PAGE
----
The “Dead-line”

Tuesday, July 29, 1919 the violence that we now know as the Chicago Race Riot continued. To try to separate the city’s Black citizens from its white ones, Chicago’s police implemented what they called a  “dead-line,” a line of cops down Wentworth avenue, the street that separated a majority Black neighborhood from a majority white one.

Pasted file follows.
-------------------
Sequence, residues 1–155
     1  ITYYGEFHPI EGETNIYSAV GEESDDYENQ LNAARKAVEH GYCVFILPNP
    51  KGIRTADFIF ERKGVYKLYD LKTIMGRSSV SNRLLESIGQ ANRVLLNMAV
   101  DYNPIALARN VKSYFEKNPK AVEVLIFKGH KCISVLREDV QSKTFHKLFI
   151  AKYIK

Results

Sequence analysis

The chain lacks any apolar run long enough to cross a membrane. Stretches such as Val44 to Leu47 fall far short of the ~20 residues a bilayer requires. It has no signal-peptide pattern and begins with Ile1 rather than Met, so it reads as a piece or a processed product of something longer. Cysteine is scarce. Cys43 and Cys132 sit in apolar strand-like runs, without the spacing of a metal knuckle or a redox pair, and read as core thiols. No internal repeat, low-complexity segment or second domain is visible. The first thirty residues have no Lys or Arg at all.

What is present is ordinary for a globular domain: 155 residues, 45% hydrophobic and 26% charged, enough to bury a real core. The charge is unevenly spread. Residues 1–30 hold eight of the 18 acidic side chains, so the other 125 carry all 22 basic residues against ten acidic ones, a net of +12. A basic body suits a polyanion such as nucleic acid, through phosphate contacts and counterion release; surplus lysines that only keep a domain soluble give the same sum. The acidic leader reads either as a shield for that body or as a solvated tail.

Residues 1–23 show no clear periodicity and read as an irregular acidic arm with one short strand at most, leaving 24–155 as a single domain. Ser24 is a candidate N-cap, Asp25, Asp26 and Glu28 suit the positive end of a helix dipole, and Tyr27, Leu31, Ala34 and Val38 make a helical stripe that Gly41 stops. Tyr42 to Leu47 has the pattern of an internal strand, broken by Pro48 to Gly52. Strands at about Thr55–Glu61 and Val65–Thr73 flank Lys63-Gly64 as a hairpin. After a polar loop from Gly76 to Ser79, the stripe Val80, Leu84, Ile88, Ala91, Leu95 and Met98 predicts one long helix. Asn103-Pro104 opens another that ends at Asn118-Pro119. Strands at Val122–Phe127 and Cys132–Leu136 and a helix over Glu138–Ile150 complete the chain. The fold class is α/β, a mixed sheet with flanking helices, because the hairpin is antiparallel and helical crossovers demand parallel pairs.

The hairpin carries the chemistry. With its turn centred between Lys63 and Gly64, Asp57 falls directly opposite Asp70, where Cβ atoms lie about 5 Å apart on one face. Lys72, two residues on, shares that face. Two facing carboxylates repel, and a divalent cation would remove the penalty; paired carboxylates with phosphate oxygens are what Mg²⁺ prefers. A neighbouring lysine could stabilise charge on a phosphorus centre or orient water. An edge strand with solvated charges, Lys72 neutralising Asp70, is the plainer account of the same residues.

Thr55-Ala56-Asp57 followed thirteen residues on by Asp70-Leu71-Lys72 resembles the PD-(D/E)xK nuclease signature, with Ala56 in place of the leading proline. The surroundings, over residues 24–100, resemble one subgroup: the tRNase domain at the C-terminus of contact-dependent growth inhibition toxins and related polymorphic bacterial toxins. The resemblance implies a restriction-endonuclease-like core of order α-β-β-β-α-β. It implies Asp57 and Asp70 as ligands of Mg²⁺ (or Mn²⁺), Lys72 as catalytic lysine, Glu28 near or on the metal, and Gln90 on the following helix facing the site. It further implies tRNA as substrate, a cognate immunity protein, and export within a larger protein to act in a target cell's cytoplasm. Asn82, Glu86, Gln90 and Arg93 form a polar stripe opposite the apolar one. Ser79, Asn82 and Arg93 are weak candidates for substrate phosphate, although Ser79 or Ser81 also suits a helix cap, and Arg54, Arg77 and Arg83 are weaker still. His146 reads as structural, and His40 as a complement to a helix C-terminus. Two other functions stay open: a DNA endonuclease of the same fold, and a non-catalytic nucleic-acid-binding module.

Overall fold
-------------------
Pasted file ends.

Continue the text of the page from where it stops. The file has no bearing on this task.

The idea was to keep the people on both sides from crossing into the other community. It did trap Blacks residents in their homes; it did not keep white men and boys intent on doing harm out.


Writer. Formerly civil rights attorney. Currently professor. Working on new book about mental disability and criminal law in the 20th century.

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